1. rparentsrparents Post author

      Dear Sherry, You have seen him through a lot and he continues to abuse you verbally and twist the truth. Maybe, just maybe, it’s time to give yourself the loving and kind care you have always afforded him. Take steps to be involved in your own life, and let him figure things out in his. You can love him but refuse to put up with abuse. Being someone’s mother does not mean being someone’s rug.

      Hugs to you, Sherry. You’re not alone.

      Sheri McGregor

    2. AvatarDeborah

      Sherry I am so sorry and I do feel your pain. My situation is similar, supporting our son through drug addiction only to be then blamed for it., and blamed for everything else in his life …. Abusive texts and emails … in the end I decided to cease contact with him, very very hard to do, especially Christmas and birthdays. It has eased slightly and my anxiety lessoned, he does contact if he needs something but I keep it brief. I dread seeing his name on an email or text and wish I could control the fear. I keep thinking he can’t be like this forever (he’s 33). For me, less contact or no contact is the way until he figures everything out for himself ..

    3. Avatarzlamana

      Just a quick note- I feel your pain. My firstborn started acting out in high school. At this time, he crashed his first car and did not show any remorse. The first two years of college were a disaster – after spending most of his ” school money,” my kid returned home with a gallery of fancy alcohol bottles ( because they were his memories).
      Then it was military ( very short-lived – court-martial and a lot of money to defend him ). He crashed his second car ( both paid for by my husband and me). Instead of coming home, he stayed in “the big city” and got a job as a bartender in several clubs and casinos. He drank and took everything and anything. He often called me, and quite frankly, I was happy because I knew he is at least alive.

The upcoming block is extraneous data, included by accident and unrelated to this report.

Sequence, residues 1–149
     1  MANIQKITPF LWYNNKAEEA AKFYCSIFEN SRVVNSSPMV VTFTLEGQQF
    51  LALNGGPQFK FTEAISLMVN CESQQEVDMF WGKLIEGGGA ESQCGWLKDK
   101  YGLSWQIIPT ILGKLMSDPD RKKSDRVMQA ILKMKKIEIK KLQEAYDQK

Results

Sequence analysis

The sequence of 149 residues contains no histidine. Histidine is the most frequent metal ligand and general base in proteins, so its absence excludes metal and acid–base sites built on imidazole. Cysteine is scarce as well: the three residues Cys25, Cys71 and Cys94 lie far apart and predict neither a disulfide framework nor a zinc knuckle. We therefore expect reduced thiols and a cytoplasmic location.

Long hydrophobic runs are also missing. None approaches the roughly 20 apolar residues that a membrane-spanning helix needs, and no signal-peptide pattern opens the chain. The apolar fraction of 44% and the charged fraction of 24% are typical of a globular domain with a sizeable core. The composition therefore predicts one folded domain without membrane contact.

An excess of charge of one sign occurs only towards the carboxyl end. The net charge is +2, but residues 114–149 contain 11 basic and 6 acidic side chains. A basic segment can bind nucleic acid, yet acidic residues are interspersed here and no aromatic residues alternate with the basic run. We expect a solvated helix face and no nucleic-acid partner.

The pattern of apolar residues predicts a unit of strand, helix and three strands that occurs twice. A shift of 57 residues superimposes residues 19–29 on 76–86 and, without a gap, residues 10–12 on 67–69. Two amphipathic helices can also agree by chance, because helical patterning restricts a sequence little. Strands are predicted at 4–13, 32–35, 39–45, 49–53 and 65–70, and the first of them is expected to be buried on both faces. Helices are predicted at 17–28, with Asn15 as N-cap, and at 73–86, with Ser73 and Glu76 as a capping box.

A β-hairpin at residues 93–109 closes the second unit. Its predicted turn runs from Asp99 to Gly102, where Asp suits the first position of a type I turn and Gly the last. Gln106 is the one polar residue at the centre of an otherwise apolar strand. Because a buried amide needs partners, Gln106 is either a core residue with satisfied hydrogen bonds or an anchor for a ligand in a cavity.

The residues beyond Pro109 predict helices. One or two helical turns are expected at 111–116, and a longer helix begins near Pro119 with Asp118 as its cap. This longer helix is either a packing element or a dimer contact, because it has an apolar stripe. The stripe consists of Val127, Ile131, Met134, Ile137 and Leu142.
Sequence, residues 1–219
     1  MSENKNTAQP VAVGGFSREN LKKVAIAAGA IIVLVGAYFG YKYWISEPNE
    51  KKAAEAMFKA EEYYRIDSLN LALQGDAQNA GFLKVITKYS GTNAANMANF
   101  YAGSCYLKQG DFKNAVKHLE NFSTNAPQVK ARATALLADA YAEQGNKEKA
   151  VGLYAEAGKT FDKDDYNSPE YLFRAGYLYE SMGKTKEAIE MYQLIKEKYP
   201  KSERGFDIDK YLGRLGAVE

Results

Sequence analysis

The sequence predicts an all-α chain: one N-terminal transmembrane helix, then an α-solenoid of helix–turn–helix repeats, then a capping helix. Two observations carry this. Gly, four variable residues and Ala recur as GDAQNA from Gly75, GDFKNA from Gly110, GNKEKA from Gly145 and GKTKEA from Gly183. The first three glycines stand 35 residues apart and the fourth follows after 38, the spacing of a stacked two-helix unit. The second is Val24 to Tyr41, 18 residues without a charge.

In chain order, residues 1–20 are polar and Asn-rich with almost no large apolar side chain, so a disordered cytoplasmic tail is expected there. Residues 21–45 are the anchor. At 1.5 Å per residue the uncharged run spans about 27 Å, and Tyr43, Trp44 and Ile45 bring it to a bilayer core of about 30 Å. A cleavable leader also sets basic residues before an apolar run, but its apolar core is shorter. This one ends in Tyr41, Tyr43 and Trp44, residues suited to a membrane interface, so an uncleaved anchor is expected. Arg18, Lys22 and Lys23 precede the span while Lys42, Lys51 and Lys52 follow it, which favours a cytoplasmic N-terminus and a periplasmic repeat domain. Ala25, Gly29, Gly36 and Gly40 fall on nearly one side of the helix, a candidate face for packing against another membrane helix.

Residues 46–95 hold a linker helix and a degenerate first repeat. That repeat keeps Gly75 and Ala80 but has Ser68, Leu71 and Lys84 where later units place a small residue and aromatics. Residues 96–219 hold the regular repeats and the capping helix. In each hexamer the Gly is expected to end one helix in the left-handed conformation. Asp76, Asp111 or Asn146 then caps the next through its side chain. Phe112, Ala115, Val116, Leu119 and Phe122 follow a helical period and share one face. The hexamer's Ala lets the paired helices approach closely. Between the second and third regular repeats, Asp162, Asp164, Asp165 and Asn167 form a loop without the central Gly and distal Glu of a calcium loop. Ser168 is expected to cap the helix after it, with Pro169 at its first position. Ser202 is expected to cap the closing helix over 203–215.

Over time more drinking – he lost all the right jobs. Traveled to another city for some bartender event – got drunk ( high?), hit a policeman – was thrown in jail (more money to get him out ). He stopped paying his rent and asked me for money… ( and got it). Well, he did not pay rent and subsequently was evicted. ( I have no idea what had happened with all his possessions). In January, he met a girl who is also a bartender and moved in with her into the apartment. After six weeks, he moved again to a house that belongs to the mother of the girlfriend. I was told that the girlfriend is estranged from her parents, and the father is currently in jail. After my son started living with his girlfriend and mother, he became very verbally and emotionally abusive. He was asking for the money from his school fund (which is a long time gone ). He was telling me to start selling stuff because he is reinventing himself, etc., etc.
      What else ?- he was calling and referring to the events that never had a place ( Like, for example-story about me and him smoking pot in front of the house and having a good time). He recently called and told me that I am just high, and I am probably doing cocaine…
      Well… My husband and I are very straight – I never had in my life smoked one joint. ( I do not know how marijuana tastes like) . I have never tried any other drug. ( two beers at the time or two glasses of wine is an extension of my intoxication.
      There is also some religious / nationality related team that was recently brought up. ( I came from another country ) . After my son met the girl, he asked/told me to apologize to the girl because ” people of my nationality” abused the people of her nationality.